So, how does the discount rate affect the interest rate? Well, as mentioned earlier, the discount rate is the rate at which commercial banks can borrow money from the Federal Reserve. If the rate increases, then the cost to banks increases and that cost is passed onto its borrowers. Then the borrowers, who are themselves consumers of the products and services of businesses, will be spending less in stores and thus reducing the revenue stream of the businesses they frequent. Businesses are hit with a double whammy – if they need loans, those are more expensive; plus their customers are spending less. Businesses that are earning less, hire less people, those people who are thus not hired will find themselves spending less… and so you can see how the cycle can feed itself. The public barometer that the Fed uses to see how well this cycle is operating is inflation. The hard part about dealing with inflation is that interest rate changes are the cause but the effects aren’t seen for years, so it’s a difficult game to be playing.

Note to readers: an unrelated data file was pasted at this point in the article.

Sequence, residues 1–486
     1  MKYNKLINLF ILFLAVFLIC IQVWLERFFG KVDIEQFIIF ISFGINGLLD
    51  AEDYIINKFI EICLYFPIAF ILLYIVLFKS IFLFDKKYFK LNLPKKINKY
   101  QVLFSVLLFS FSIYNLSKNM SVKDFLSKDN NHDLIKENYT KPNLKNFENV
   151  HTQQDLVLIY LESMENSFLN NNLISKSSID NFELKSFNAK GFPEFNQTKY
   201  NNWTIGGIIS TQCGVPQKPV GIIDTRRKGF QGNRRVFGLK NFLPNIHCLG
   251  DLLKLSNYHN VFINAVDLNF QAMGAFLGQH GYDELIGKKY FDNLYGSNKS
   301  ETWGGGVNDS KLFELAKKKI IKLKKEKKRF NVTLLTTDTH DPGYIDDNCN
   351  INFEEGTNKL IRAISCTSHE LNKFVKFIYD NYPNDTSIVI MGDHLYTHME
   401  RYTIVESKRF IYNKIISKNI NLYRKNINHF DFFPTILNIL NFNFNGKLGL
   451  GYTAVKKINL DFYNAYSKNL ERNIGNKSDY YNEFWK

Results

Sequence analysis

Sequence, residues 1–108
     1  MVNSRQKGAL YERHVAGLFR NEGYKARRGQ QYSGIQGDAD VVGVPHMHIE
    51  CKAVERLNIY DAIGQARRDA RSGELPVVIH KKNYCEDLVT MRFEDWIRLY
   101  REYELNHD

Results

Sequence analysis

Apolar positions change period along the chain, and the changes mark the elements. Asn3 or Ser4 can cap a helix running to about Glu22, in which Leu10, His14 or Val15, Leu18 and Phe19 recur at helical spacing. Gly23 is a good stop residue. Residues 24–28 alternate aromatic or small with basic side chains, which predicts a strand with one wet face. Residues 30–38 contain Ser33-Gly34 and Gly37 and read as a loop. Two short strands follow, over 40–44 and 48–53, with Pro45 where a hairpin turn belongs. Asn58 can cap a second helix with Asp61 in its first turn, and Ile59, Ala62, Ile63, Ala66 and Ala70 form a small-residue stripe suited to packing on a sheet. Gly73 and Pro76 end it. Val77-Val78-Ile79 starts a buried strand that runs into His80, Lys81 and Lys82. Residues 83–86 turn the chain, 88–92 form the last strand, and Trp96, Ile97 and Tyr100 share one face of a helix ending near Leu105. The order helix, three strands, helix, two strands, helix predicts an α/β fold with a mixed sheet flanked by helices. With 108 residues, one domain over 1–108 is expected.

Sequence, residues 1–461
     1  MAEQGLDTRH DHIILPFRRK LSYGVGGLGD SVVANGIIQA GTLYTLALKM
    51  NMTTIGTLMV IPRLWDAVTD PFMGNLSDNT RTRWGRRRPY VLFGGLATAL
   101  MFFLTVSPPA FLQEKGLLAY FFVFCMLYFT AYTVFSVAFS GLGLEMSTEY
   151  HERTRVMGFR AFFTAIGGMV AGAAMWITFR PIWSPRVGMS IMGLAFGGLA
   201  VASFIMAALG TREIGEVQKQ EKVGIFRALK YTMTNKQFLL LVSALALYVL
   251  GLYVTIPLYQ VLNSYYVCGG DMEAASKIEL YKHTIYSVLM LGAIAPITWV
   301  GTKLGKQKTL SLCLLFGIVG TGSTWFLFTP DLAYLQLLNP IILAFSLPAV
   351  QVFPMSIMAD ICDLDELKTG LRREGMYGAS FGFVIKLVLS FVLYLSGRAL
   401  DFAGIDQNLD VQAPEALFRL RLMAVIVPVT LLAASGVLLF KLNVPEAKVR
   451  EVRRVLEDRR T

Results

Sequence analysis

Update: In addition to the discount rate, the Fed also sets the federal funds rate but it generally moves lockstep with the discount rate. For a discussion on the difference, please refer to this article on the differences between the discount rate and the Federal funds rate.

As you can see, the basics are pretty easy to understand: rates go up, market goes down; rates go down, market goes up (in general). However, there are so many factors at play in there that to boil it down to that one liner doesn’t do it any justice.


 Banking 
8
comments